What kind of dogfight is a relegation dogfight?

Paul Gilham

Unpicking one of English football's most enduring cliches.

Cliches are boring. They are as boring as watching paint dry. Everybody knows this; everybody's heard them too many times for them to truly mean anything any more. They are the tool of the lazy writer, of the panicking commentator, of the tired thinker. They're rubbish.

They're also, sometimes, really quite weird. Take "torrid". Non-scoring strikers are often having a "torrid" time of things. Future generations will doubtless assume this has something to do with Fernando Torres, yet the word actually means exposed to a searing, parching, burning heat. A torrid time, then, is one spent floundering across a desert, desperate for water, stumbling in the sands. Lost, miles from home, without even a friendly camel to sit on. Seeing -- oh, bliss! -- an oasis, then realising -- oh, woe! -- it's a mirage. That last is probably missing an open goal, or something. Anyway, you take the point: every cliche, however worn out it is, comes from somewhere.

Now, take "relegation dogfight". Back in the day, a dogfight was just what it sounds like: "A battle between two dogs" according to Webster's 1828 Dictionary of American English. Dogs have been fighting for the entertainment of crowds since at least ancient Rome, first against larger animals in packs ("baiting"), then in the 19th century, when bears and bulls became more expensive, against other dogs. As you'd expect from a fight between two well-toothed lumps of systematically abused muscle, they are unpleasant and brutal things, and can last over an hour. Should either dog show a submissive gesture, they are returned to their marks and released again. The losing dog is, if not killed in the ring, frequently injured beyond further usefulness. If they're lucky, that means a bullet.

But that was then, and football wasn't even football. Interestingly, the early uses of "dogfight" in relation to football had nothing to do with relegation at all. In 1952 The Times -- which has the double advantage of being both the British newspaper of record and the only archive to which your correspondent has immediate access -- predicted that "There should also be something of a dogfight at the head of the Third Division (South)", and then in 1964 noted that "the dogfight at the head of the Fourth Division continues".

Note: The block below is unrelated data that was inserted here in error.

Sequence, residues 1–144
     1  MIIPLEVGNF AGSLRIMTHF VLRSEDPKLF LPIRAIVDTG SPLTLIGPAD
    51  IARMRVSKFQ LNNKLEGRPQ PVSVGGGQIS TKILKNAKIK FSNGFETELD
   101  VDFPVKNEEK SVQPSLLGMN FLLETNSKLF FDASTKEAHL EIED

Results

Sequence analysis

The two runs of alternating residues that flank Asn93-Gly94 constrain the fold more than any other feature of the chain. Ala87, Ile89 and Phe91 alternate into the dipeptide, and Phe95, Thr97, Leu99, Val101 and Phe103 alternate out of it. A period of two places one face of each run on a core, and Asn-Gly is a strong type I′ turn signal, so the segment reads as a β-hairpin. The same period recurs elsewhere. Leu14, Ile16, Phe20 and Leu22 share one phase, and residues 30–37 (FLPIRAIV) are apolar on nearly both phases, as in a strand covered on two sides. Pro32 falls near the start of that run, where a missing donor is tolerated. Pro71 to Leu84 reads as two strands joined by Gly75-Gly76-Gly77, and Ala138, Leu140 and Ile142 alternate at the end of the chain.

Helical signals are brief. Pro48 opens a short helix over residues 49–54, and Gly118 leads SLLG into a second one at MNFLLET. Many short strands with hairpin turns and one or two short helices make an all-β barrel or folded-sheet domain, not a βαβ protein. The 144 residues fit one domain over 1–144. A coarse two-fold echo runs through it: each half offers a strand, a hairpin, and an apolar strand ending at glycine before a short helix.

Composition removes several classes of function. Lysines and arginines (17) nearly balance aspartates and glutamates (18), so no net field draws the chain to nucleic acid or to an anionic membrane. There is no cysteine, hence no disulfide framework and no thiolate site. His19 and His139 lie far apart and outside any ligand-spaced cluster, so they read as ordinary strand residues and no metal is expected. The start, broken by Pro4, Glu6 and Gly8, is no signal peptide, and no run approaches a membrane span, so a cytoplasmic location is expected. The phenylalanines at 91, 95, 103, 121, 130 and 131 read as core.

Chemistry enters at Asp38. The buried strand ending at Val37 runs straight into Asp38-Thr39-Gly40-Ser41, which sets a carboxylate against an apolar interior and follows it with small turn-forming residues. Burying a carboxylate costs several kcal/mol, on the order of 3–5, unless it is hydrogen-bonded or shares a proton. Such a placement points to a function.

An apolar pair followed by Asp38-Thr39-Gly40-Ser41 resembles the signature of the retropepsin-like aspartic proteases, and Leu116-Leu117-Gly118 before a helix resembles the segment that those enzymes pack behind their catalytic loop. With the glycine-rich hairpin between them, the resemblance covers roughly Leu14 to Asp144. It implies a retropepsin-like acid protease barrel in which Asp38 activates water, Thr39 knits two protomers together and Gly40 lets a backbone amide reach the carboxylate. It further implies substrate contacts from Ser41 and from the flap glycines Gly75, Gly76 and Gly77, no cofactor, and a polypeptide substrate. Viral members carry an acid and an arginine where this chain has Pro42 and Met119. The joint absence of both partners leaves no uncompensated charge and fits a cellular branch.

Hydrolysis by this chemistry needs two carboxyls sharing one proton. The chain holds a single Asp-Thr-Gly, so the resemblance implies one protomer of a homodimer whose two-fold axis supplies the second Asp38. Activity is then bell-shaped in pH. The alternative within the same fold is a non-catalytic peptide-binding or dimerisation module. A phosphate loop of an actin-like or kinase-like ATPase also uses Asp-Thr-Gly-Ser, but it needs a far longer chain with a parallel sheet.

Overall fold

The "relegation dogfight" doesn't arrive in The Times until the climax of the 1980-81 season. On April 6, Norwich City got lucky, as "three of the other four sides involved in the relegation dogfight lost." Then, on April 27, a headline: "Defeat bring Sunderland into relegation dogfight". Eventually, and contrary to the traditional Warner Bros. narrative, the Canaries lost out to the Black Cats and were relegated with 33 points, two behind Sunderland, Wolverhampton Wanderers, and Brighton & Hove Albion.

By this point, the definition of "dogfight" had changed. Hunting aside, by the 20th century animal-centred bloodsports were mostly out of fashion and banned by law in most of the English-speaking world. War, on the other hand, was very much in, and while the majority of the First World War was a muddy, depressing exercise in imperial hubris and mechanised slaughter, dogfights came out the other side with their reputation enhanced. This is because the dogs had been replaced by planes, and planes are cool.

Presumably, actually being in a dogfight is a faintly terrifying experience. Particularly in the early days of planes-with-guns, when ammunition was scarce, technology was new, and there was a very real chance that a pilot might end up shooting off his own propeller. Despite this, from Manfred von Richthofen through his arch-enemy Snoopy and on to Maverick, the mythology around flying aces and their swooping, diving, duels in the sky has invested the notion of the "dogfight" with an unshakeable glamour, and the sense that here is a feature of war that can perhaps be viewed as unambiguously fun. In the abstract, anyway.

(Aside: according to Wikipedia, the very first dogfights were just pilots with revolvers taking potshots at one another. And before that, they just used to wave their fists. Which is, let's face it, adorable.)

So, which of these dogfights is the relegation dogfight? Is it the brutal, bloody, cruel spectacle of two poor maltreated animals forced to kill or be killed? Or is the daring, thrilling spectacle of two noble combatants who ... well, are forced to kill or be killed. Or crash. Or just fly away. But have volunteered for all of that, usually.

(The word can also mean just a fierce scrap. But then that presumably came from one of these two origins, or is at least used to evoke one of these two origins, and so that just nudges the question up a level and doesn't really get us anywhere. So quit your pedantry.)

Perhaps it's both. After all, a relegation dogfight is a completely different thing to different people. To anybody lucky enough not to be particularly involved with any of the protagonists, it's a highly entertaining business. Like the aviators, it's full of exciting feints and swoops, as the teams charge around one another. Here's Crystal Palace, hiding in clouds! There's Sunderland, diving down from the sun! Metaphorically! It's great fun to watch.

Whereas when you're stuck in one -- when you're the dog, or when you give a flying one about the dog -- it's a dreadful business. This is not to assert that getting relegated is as serious or as damaging as having your neck savaged until you pass out before being summarily executed; it's not a literal dogfight, Jeff. It's to say that the power of the metaphor (or cliche) resides in its ability to evoke two contrasting-yet-related kinds of conflict. It is, or it was, quite a delicate piece of description. For a term that's usually just a lazy default, it's doing an awful lot of work.

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